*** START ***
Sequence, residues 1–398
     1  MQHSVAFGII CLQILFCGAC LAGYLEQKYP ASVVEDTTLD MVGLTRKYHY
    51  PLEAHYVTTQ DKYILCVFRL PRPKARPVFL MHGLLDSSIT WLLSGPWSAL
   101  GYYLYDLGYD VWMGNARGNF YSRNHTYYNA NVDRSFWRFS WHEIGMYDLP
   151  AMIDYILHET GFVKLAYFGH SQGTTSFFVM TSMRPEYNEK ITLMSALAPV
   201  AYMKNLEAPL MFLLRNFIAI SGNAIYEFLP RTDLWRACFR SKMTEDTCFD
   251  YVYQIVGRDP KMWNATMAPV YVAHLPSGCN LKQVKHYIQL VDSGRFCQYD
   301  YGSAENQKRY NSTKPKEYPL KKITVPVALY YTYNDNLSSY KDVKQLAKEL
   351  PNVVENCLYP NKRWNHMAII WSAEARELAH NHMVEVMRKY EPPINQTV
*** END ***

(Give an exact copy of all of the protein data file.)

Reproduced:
Sequence, residues 1–398
     1  MQHSVAFGII CLQILFCGAC LAGYLEQKYP ASVVEDTTLD MVGLTRKYHY
    51  PLEAHYVTTQ DKYILCVFRL PRPKARPVFL MHGLLDSSIT WLLSGPWSAL
   101  GYYLYDLGYD VWMGNARGNF YSRNHTYYNA NVDRSFWRFS WHEIGMYDLP
   151  AMIDYILHET GFVKLAYFGH SQGTTSFFVM TSMRPEYNEK ITLMSALAPV
   201  AYMKNLEAPL MFLLRNFIAI SGNAIYEFLP RTDLWRACFR SKMTEDTCFD
   251  YVYQIVGRDP KMWNATMAPV YVAHLPSGCN LKQVKHYIQL VDSGRFCQYD
   301  YGSAENQKRY NSTKPKEYPL KKITVPVALY YTYNDNLSSY KDVKQLAKEL
   351  PNVVENCLYP NKRWNHMAII WSAEARELAH NHMVEVMRKY EPPINQTV